What determines the "fastest" swimmer for an event?

What determines the "fastest" swimmer for an event?

Post by Jeff Pa » Fri, 01 Mar 1996 04:00:00


Quote:

>     Recently, I just competed in a swim championship meet where I was taken
>off of the 200 medley relay team (I swim the backstroke leg.)  My coach felt
>that I wasn't the "fastest" swimmer for the job, even though I have the
>school record in the 50 backstroke.  Well, I have a feeling that since I
>slipped on my start in prelims for the 100 backstroke this gave him incentive
>to put another swimmer in my place.  My question is, does the coach have the
>right to do this?  I have read the other postings about how "the coach knows
>best" but from a swimmers point of view, his decisions aren't always the
>"correct" ones.  If a coach is reading this posting, why do you do this?  And
>are you only thinking about winning?  What ever happened to the fun part of
>swimming?
>     Another problem I have with coaches decisions also deal with
>deciding with choosing relay team members.  What gives the coach the
>right to swim a relay team in morning prelims to qualify that relay for
>finals, and then swim a totally different relay team in the evening for finals?
>     If anyone can answers these questions I would greatly appreciate it!!!!!!

A coach can put whoever he/she wants on a relay team, although (IMO) a good
coach will always explain why he/she made the choices he/she did.  "Fastest"
can be subjective; one swimmer may have a faster best time, but have had
mediocre swims the entire meet, while another "slower" swimmer may be having
the meet of his/her life.  In the instance described in the prior post, a
coach may have some justification in that replacement if he/she feels the
swimmer won't have time to adjust to the pool conditions.  Better a swimmer
who's a few tenths slower than one who'd miss a start and sink the relay (in a
200MR, it's virtually impossible to catch up from a blown start if the field
is even).

Coaches might also replace swimmers in relays depending upon other conditions
in the meet.  For example, if a team has two backstrokers of about equal
speed, and one makes a cut in prelims while the other just misses it in both
prelims and finals, the coach (again, IMO) should probably give the second
backstroker a chance to pick up the time off a relay split.  I'm sure there
are many more reasons, but I don't want this post to reach 1000 lines.

If you've got a problem with an event your coach has or hasn't put you into,
talk to him/her.  DON'T expect him/her to change on your whim, though; most
likely you'll get an explanation for the reasons behind the move.  Nothing is
more irritating than swimmers who try to out-coach the coach (except, perhaps,
for parents who try to out-coach the coach).

 
 
 

What determines the "fastest" swimmer for an event?

Post by Andrew Fowle » Fri, 01 Mar 1996 04:00:00

Quote:
>     Recently, I just competed in a swim championship meet where I was taken
>off of the 200 medley relay team (I swim the backstroke leg.)  My coach felt
>that I wasn't the "fastest" swimmer for the job, even though I have the
>school record in the 50 backstroke.  Well, I have a feeling that since I
>slipped on my start in prelims for the 100 backstroke this gave him incentive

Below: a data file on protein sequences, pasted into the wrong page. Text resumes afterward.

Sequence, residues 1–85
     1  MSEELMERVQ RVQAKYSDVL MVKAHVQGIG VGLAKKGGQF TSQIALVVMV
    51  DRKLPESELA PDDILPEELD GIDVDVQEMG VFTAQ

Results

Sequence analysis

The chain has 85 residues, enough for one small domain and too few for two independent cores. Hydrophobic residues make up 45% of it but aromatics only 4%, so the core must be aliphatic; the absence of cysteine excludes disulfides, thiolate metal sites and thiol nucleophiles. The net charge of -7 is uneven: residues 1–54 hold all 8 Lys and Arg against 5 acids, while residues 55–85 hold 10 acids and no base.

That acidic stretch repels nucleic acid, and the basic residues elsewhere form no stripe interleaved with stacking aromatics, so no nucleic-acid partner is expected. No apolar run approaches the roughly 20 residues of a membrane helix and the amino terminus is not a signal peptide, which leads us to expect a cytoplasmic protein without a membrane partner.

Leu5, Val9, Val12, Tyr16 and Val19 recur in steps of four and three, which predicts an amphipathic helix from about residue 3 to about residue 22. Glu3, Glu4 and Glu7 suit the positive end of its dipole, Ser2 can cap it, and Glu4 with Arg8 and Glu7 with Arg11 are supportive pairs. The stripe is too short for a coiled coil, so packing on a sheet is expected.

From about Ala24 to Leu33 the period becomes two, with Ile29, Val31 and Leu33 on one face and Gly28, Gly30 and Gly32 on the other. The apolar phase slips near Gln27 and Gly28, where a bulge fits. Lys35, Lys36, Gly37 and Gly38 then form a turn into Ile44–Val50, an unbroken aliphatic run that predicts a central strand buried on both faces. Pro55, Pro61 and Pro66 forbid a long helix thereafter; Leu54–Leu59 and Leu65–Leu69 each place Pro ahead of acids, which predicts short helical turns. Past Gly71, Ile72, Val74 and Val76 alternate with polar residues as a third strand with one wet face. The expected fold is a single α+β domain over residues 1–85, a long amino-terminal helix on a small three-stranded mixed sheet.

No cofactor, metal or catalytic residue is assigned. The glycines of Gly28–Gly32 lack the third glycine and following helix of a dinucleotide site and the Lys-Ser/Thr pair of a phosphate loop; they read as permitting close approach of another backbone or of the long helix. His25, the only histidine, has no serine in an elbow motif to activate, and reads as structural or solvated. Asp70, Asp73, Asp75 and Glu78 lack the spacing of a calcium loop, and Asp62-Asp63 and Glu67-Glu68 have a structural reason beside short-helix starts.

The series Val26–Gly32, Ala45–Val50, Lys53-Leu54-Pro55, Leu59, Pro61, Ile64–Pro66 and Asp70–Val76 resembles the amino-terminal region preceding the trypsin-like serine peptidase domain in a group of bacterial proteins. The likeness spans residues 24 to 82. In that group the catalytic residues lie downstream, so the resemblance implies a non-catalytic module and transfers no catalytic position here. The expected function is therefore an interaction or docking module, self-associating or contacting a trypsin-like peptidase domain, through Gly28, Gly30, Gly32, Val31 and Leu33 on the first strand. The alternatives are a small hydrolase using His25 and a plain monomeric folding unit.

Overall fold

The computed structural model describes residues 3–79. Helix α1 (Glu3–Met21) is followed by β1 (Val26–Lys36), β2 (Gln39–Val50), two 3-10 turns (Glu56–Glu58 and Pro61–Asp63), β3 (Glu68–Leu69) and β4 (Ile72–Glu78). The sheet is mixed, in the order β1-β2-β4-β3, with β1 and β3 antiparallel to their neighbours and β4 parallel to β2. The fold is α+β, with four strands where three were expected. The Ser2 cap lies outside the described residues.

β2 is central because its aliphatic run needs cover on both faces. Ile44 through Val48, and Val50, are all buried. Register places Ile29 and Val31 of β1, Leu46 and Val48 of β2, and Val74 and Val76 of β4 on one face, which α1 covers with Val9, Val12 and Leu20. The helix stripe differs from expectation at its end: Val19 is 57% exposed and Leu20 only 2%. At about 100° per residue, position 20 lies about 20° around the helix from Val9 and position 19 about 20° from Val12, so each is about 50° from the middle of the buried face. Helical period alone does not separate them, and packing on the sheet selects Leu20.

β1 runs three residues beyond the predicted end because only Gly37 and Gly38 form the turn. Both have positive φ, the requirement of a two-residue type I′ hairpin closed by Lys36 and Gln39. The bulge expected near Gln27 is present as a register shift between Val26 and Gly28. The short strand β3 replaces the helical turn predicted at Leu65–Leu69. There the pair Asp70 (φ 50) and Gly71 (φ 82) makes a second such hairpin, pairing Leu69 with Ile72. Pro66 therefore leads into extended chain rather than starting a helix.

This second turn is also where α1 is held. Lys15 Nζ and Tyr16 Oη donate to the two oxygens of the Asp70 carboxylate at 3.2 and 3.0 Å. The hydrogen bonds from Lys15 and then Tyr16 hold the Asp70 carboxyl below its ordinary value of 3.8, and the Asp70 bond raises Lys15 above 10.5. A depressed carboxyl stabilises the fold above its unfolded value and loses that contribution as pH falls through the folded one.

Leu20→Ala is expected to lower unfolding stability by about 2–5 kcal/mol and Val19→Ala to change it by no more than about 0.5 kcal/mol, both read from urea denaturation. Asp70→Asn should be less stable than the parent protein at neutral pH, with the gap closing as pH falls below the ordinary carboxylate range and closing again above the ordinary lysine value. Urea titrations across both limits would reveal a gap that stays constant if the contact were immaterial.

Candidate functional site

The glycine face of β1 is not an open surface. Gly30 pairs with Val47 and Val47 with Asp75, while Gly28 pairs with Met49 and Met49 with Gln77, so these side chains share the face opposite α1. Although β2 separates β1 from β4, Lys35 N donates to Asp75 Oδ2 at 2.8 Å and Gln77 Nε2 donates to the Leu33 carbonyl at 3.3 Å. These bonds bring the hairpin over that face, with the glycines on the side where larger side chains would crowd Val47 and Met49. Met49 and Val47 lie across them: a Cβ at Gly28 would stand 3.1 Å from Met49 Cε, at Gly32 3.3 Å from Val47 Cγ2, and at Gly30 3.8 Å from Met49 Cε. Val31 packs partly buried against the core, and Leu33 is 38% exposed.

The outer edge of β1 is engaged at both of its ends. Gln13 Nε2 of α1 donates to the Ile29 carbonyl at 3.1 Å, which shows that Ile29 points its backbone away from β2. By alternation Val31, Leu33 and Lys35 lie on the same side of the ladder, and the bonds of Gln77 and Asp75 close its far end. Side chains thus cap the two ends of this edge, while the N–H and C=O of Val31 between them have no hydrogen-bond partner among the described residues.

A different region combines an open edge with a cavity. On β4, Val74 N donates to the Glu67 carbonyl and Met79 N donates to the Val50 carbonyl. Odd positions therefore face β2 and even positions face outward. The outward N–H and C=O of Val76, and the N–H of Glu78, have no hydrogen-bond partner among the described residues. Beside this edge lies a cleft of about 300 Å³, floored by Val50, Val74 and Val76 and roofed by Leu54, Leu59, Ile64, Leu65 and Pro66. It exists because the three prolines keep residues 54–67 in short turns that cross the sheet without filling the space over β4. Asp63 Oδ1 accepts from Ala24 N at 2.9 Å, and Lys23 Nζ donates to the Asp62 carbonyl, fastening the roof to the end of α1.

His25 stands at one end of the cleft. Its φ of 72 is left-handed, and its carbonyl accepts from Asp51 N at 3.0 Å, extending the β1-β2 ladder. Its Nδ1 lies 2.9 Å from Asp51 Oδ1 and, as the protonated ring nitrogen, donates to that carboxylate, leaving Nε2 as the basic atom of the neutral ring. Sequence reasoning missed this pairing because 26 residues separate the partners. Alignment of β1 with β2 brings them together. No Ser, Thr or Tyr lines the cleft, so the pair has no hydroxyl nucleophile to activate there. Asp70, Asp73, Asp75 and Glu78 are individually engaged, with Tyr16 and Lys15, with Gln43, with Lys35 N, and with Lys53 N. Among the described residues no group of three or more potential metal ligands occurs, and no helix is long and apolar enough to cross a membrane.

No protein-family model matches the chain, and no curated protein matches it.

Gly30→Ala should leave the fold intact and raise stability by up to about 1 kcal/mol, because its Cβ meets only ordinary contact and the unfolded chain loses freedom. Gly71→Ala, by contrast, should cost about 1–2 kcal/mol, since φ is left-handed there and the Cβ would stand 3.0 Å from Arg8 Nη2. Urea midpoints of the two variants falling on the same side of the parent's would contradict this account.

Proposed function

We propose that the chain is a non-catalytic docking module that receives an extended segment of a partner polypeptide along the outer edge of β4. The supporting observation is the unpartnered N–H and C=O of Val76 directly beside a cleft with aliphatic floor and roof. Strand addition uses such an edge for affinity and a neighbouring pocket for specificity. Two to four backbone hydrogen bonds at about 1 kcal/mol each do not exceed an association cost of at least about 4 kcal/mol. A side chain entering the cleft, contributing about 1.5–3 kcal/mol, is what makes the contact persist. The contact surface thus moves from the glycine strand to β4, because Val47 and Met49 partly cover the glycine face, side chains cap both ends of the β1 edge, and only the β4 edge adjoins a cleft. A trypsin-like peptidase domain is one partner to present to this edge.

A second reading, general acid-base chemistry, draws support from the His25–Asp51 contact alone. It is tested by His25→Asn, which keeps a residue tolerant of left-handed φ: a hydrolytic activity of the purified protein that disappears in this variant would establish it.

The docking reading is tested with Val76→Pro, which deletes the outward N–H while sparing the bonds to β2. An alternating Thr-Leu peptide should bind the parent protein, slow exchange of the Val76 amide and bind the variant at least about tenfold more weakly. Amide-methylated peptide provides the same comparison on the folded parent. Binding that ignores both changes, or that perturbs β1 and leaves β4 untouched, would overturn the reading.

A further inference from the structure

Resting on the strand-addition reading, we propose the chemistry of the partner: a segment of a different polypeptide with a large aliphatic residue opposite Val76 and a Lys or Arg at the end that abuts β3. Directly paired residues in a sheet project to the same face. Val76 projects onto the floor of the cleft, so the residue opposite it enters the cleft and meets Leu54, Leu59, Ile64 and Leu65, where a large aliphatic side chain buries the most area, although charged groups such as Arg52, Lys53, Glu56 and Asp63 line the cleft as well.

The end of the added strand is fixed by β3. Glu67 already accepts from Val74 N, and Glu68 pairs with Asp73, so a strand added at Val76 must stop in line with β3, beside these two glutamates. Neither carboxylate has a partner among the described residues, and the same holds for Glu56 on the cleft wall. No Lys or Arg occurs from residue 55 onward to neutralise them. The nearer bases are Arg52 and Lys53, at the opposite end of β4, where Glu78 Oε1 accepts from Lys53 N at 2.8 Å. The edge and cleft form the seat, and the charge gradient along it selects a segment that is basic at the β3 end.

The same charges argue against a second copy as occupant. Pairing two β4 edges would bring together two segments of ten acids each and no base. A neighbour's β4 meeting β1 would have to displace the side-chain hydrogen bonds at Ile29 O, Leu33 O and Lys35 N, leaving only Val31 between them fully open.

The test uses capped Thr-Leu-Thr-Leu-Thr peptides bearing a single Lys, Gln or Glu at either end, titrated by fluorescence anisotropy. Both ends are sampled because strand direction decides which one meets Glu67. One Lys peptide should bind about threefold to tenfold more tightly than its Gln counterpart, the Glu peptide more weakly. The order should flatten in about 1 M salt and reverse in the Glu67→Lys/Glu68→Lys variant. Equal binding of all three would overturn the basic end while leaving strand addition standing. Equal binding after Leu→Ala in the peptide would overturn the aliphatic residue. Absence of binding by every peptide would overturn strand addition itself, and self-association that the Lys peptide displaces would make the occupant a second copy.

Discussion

>to put another swimmer in my place.  My question is, does the coach have the
>right to do this?  I have read the other postings about how "the coach knows

IMO, you coach was horribly in the wrong with this decision.  He is the coach
and does have the "right" to make any changes he feels necessary, but what he
did was effectively penalize you for a bad start in a different race.  I also
feel that it's a bad decision because it tends to be best to get right back in
and do the same event as soon as possible after a bad race, to rebuild
confidence; making you sit it out is just giving you time to think on it, and
tends to increase the odds of it happening again instead of preventing future
occurences.

Quote:
>     Another problem I have with coaches decisions also deal with
>deciding with choosing relay team members.  What gives the coach the
>right to swim a relay team in morning prelims to qualify that relay for
>finals, and then swim a totally different relay team in the evening for finals?

Once again, the coach has the authority to make any changes he wants.  But to
specifically answer your question, these changes are made for one or two
reasons.  The first I don't like, and that's when a weaker team is swum to
qualify and try to fool other coaches, then a much stronger group is entered in
finals.  The other possibility is that a strong team was entered in the morning
then a weaker team swims finals.  One possible motive here is that a strong
team qualified, then the team is ahead in overall scoring and the coach doesn't
want to swim a blowout.  Another possiblility is something my college coach did
nearly every year.  The last day of the conference meet a strong relay swam the
4x100 free in the morning.  This being the last event of finals, the coach put
in any graduating seniors who had never placed top eight so that they could get
a conference medal in their final meet.  Of course, there was an unspoken
agreement that if it would be possible to move up in team ranking with a strong
finish the trials group would swim...

I suppose that the short answer would be there are many reasons a coach may
change a relay lineup at the last minute or between trials and finals, although
I strongly feel that the first decision you mentioned was a poor one.